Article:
Supplement-Abstract 1

Immunohistochemistry versus immunofluoresence in the diagnosis of autoimmune blistering diseases

 

 

Introduction: In patients with autoimmune skin blistering diseases (ABDs), the diagnostic gold standard has classically been direct and indirect immunofluorescence (DIF and IIF), despite inherent technical problems of autofluorescence.
Aim: We sought to overcome autofluorescence issues and compare the reliability of immunofluorescence versus immunohistochemistry (IHC) staining in the diagnoses of these diseases.
Methods: We tested via IHC for anti-human IgG, IgM, IgA, IgD, IgE, Kappa light chains, Lambda light chains, Complement/C3c, Complement/C1q, Complement/C3d, albumin and fibrinogen in 30 patients affected by a new variant of endemic pemphigus foliaceus in El Bagre, Colombia (El Bagre-EPF), and 30 control biopsies from the endemic area. We also tested archival biopsies from patients with ABDs whose diagnoses were made clinically, histopathologically and by DIF/IIF studies from 2 independent dermatopathology laboratories in the USA. Specifically, we tested 34 patients with bullous pemphigoid (BP), 18 with pemphigus vulgaris (PV), 8 with pemphigus foliaceus (PF), 14 with dermatitis herpetiformis (DH) and 30 control skin samples from plastic esthetic surgery reduction surgeries.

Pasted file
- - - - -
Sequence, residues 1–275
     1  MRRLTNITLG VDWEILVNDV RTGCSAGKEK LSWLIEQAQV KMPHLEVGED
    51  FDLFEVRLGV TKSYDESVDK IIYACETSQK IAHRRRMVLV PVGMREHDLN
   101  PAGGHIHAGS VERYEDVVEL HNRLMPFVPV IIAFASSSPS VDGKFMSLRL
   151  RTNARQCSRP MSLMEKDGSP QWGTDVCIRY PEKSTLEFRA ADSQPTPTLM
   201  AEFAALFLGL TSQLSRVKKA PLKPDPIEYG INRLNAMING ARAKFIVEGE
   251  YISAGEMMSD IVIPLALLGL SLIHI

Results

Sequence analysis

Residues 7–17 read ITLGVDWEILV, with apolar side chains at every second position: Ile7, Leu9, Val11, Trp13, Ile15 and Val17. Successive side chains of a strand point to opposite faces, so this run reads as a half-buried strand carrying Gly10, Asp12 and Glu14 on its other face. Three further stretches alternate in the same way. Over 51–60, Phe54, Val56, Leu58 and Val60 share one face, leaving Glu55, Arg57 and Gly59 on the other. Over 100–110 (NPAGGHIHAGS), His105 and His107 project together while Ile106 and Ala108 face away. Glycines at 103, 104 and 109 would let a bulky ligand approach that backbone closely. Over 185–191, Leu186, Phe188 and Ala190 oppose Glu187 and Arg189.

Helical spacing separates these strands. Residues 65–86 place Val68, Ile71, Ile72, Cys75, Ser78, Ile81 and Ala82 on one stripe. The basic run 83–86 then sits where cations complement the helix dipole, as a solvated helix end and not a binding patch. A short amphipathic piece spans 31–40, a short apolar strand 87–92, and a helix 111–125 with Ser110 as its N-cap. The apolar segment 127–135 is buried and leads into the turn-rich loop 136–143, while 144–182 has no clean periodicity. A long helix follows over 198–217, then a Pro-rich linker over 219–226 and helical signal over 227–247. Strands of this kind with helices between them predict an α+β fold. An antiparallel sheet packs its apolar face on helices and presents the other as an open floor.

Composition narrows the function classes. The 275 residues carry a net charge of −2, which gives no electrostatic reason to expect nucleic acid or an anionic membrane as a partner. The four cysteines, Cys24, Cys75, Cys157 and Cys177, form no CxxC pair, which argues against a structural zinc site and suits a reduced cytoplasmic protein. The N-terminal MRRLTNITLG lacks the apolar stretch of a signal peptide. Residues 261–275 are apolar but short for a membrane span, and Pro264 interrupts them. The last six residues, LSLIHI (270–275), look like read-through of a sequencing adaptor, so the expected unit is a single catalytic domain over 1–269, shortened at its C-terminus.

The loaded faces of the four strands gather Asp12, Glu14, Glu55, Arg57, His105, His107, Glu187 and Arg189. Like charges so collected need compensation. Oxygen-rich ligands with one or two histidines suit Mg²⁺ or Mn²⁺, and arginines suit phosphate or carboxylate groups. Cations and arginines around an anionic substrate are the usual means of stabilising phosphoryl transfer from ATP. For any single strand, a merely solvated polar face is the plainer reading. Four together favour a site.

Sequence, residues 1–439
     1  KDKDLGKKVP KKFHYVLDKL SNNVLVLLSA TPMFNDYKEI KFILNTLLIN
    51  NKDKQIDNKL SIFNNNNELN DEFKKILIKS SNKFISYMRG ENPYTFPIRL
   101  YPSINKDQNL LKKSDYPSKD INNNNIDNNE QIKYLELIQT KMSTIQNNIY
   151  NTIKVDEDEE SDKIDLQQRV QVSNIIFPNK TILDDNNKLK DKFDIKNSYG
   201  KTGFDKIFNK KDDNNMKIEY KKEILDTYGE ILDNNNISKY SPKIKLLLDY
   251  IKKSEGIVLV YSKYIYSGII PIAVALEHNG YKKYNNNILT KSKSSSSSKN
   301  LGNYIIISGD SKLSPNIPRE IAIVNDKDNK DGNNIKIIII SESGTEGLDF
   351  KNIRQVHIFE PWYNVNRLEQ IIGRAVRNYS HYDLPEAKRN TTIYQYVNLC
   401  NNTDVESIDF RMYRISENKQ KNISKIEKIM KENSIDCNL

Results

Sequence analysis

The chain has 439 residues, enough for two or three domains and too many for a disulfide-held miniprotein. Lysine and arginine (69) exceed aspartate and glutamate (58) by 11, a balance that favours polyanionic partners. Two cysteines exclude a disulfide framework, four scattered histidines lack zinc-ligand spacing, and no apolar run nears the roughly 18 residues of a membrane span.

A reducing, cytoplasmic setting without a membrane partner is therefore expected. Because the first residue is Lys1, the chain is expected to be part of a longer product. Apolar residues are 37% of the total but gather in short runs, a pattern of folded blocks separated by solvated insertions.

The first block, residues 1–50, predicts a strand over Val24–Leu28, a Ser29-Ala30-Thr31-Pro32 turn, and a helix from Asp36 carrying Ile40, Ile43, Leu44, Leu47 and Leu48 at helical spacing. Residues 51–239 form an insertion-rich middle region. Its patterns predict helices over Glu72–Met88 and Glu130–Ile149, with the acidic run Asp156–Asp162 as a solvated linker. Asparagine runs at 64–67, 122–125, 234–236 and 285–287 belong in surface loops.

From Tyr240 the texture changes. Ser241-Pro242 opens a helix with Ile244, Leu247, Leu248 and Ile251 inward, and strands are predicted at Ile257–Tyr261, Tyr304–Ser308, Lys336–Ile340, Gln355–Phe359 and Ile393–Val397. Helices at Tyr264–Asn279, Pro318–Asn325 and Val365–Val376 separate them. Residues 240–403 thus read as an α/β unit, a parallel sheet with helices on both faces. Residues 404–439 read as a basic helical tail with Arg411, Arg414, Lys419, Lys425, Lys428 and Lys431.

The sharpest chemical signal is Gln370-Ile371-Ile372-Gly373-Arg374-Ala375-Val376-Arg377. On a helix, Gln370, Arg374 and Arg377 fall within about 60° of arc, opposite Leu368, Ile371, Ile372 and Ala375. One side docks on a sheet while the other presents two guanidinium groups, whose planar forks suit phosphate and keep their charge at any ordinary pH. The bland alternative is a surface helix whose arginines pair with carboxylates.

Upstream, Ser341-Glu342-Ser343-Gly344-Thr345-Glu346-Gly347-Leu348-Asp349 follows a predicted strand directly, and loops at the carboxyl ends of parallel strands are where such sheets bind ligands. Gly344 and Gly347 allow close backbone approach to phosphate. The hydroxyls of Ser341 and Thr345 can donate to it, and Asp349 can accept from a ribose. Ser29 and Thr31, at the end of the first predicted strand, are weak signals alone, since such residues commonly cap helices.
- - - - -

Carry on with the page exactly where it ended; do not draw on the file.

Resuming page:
Results: The diagnostic correlation between IHC and DIF-IIF was almost 98% in most cases. IHC revealed evidence of autofluorescence around dermal blood vessels, dermal eccrine glands and neurovascular packages feeding skin appendices in ABDs; this autofluorescence may represent a non-specific immune response. Strong patterns of positivity were seen also in endothelial-mesenchymal cell junction-like structures, as well as between dermal fibrohistiocytic cells. In PV, we noted strong reactivity to neurovascular packages supplying sebaceous glands, as well as apocrine glands with edematous changes.
Conclusions: We suggest that IHC is as reliable as DIF or IIF for the diagnosis of ABDs; our findings further suggest that what has previously been considered DIF/IIF autofluorescence background may be of relevance in ABDs. Our discovery of reactivity against edematous dermal apocrine glands may be related to the fact that PV has a vegetant form, with lesions present in anatomic areas where these glands exist.


CONTENT

SERVICES

Other Resources

Our Dermatology Online

Home
Current Issue
All Issues
Instruction for authors
Submit Manuscripts
Ethics in Publishing
For Reviewers
Readers
About
Editors & Publishers 
Statistics
Copyright
Contact Us